The Renown's dual-mode support means that it's compatible with both CDMA and GSM networks. In the United States, you'll use Verizon's network, but when traveling in a GSM-only country, the phone will continue to operate on a local frequency. Though it supports four GSM bands, thus making it a true world phone, you won't be able to switch over to GSM when in the United States--that's Verizon's way of keeping the phone locked. It will come with a SIM card, and it won't work with a SIM card from AT&T or T-Mobile. Though the dual-mode support is convenient for world travelers--they no longer have to get another phone for European travel--keep in mind that you will pay roaming fees and you'll be forced to use Verizon's roaming partners abroad. You won't be able to buy a prepaid SIM card and use it to make calls.

As an EV-DO phone, the Renown supports the full range of Verizon's 3G services, including V Cast streaming video content, and the V Cast Music with Rhapsody. Both the V Cast menu and music store interface are pretty much unchanged from other Verizon phones. Player options include the usual limited shuffle and repeat modes, but V Cast Music also will recommend other songs based on your playlist. Music player features are limited to shuffle and repeat modes and playlists,

The Renown doesn't have a flash.

The Renown's 2-megapixel camera takes pictures in three resolutions, from 1,600x1,200 down to 160x120, and it offers a choice of three quality settings. Other options include a self-timer, spot metering, an adjustable ISO, brightness and white-balance controls, multishot, and night modes, three color tones, a digital zoom, and three shutter sounds--plus a silent option. Photo quality was admirable. Colors were bright, focus was sharp, and there was little-to-no image noise. Without a flash, however, you will need adequate light.

The Renown offers great photo quality.

The camcorder records videos in two lengths; clips meant for multimedia messages are capped at 30 seconds or you can shoot for longer in the standard mode. Editing options are smaller than on the still camera, but you get a decent assortment. The Renown offers just 50MB of shared internal memory, so we recommend using a microSD card.

You can personalize the Renown with a variety of wallpaper, display themes, and alert tones. If you want more options, or additional ringtones, you can download them from Verizon with the WAP 2.0 Web browser. The Renown doesn't come with any games, but Verizon offers a range of BREW-enabled titles for sale.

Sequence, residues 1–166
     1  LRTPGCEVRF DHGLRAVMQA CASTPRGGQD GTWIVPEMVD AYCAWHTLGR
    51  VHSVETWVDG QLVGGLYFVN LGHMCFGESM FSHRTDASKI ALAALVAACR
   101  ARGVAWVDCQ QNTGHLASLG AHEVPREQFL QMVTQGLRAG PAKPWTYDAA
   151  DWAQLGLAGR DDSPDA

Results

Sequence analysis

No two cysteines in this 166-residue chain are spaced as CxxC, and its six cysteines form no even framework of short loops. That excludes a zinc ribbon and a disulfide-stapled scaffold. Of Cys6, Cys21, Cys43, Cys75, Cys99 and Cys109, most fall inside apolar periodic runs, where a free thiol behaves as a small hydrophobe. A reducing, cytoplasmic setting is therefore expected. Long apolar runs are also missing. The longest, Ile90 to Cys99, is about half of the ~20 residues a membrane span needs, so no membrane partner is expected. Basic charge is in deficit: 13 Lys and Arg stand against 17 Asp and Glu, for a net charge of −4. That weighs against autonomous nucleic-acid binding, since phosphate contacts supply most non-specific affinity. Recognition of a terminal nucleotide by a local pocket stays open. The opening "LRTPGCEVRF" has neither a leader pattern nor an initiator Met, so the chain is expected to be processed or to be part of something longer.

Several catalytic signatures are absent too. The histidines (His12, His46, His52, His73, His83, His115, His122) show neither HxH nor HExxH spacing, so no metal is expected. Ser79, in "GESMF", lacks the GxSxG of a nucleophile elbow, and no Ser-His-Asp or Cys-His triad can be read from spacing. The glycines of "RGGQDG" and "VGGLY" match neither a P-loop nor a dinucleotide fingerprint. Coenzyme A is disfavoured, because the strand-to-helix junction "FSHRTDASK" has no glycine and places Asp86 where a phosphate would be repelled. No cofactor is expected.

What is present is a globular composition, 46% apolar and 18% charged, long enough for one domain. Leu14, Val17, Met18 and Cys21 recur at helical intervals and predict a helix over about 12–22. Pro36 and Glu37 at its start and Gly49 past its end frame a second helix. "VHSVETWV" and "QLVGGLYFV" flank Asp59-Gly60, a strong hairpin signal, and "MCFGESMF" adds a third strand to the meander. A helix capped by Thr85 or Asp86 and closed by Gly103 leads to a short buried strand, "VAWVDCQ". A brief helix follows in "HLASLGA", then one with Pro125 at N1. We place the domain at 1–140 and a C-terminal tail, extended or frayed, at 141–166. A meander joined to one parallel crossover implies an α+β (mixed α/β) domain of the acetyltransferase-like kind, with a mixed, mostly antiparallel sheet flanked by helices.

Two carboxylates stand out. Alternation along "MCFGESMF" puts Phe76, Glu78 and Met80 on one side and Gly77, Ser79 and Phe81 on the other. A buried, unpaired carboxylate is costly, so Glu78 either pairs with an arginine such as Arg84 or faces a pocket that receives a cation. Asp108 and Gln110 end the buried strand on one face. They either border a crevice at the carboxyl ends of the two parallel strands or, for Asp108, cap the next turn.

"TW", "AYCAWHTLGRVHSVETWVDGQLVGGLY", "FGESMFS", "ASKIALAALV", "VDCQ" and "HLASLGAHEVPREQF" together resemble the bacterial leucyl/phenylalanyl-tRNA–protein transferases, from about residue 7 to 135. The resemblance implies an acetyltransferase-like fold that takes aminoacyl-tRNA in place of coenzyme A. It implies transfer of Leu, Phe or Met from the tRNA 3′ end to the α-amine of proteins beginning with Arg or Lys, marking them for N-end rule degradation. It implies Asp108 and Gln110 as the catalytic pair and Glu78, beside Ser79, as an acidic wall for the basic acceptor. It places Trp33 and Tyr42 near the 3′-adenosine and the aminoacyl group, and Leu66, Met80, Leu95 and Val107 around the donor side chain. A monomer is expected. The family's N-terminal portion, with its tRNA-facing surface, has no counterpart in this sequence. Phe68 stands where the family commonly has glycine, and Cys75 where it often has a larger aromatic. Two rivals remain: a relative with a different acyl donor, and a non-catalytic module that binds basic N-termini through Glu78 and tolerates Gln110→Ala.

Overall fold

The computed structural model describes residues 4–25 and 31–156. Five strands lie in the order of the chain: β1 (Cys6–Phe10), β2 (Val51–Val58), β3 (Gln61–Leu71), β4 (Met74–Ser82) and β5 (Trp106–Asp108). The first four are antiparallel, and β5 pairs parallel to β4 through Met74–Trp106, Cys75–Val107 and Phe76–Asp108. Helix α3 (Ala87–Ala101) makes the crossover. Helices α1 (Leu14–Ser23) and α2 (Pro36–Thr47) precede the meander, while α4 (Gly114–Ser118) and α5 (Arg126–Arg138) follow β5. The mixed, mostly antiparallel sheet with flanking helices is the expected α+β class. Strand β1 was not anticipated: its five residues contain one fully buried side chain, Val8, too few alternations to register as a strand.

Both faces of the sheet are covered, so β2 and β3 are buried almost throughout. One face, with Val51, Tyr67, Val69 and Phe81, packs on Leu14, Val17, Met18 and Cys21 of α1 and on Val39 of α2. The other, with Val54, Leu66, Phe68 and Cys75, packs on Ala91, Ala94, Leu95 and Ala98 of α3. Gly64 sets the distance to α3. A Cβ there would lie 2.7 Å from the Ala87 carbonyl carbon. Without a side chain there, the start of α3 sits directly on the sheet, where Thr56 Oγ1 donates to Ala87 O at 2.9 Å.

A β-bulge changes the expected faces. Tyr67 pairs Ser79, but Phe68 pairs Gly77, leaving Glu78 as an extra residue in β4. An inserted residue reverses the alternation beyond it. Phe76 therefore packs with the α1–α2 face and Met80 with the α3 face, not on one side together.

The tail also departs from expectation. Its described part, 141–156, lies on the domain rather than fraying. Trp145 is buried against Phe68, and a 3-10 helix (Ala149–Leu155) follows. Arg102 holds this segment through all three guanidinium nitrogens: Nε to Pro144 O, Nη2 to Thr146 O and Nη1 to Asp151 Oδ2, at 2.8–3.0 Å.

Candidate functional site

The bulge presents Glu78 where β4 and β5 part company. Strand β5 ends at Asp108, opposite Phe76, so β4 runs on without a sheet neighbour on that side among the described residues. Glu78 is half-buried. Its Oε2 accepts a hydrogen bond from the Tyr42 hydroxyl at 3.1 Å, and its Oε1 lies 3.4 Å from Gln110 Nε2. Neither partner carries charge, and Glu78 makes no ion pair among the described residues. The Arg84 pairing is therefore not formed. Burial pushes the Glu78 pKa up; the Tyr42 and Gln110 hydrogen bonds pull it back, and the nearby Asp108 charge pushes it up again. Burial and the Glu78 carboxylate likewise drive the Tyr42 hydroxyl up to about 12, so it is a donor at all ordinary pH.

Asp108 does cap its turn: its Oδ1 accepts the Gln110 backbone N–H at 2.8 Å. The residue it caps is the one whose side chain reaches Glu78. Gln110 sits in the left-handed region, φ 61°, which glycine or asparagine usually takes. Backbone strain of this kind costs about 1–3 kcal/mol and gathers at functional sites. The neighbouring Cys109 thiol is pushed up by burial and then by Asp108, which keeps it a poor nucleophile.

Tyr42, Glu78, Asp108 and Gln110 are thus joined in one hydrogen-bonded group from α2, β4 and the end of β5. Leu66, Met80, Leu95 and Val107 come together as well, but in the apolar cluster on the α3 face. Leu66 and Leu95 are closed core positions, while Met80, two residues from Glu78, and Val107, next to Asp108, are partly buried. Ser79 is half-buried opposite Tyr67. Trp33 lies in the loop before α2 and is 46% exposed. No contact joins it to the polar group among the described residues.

We tested the (CDMA 800/1900; EV-DO, GSM 850/900/1800/1900) Samsung Renown world phone in San Francisco using Verizon Wireless. We didn't travel abroard during our testing period, so we weren't able to test the phone's GSM reception. However, CDMA call quality was pleasant. There was enough volume and the signal was clear and strong. For the most part, voices sounded natural, but we noticed a bit of a hiss on our end. It wasn't always noticeable, so we wouldn't say it was a big problem, but it was there nonetheless. The Renown supports Verizon's "whisper mode," which promises to amplify your voice when speaking in a whisper. It makes a difference as long as there's not a lot of background noise.

On their end, callers said we sounded fine. They could tell we were using a cell phone, but they didn't report a hissing issue. On the upside, most of our callers could hear us plainly, even when we were talking in a noisy location. Automated answer systems could understand us most the time, but it worked best when we were in a quiet room. Speakerphone calls were decent as well. The speaker is on the rear of the phone, but it has a respectable output. Voice quality on our end was clear and callers could understand us if as we were in a relatively quiet room.

On the downside, steaming video quality was poor. The EV-DO signal was strong--videos loaded quickly and played without interruption--but the clips were overly pixelated and blurry. While that can be a common occurrence with 3G streaming videos, these clips just made us want to turn the feature off completely--not good. Music quality was better, fortunately. Thanks to the zippy EV-DO connection, we downloaded a 2.62MB song in about 30 seconds. Music over the external speaker sounds good enough, but a headset will provide the best experience. On one occasion, the phone froze in music mode and we had to remove the battery to fix the problem. That's troubling even if it happened that one time.

The Renown has a rated battery life of 5 hours and 13.3 days. It has a tested talk time of 4 hours and 42 minutes. According to FCC radiation tests, the Renown has a digital digital SAR rating of 0.958 watts per kilogram.


Samsung Renown (Verizon Wireless)

Score Breakdown

Design 8Features 7Performance 7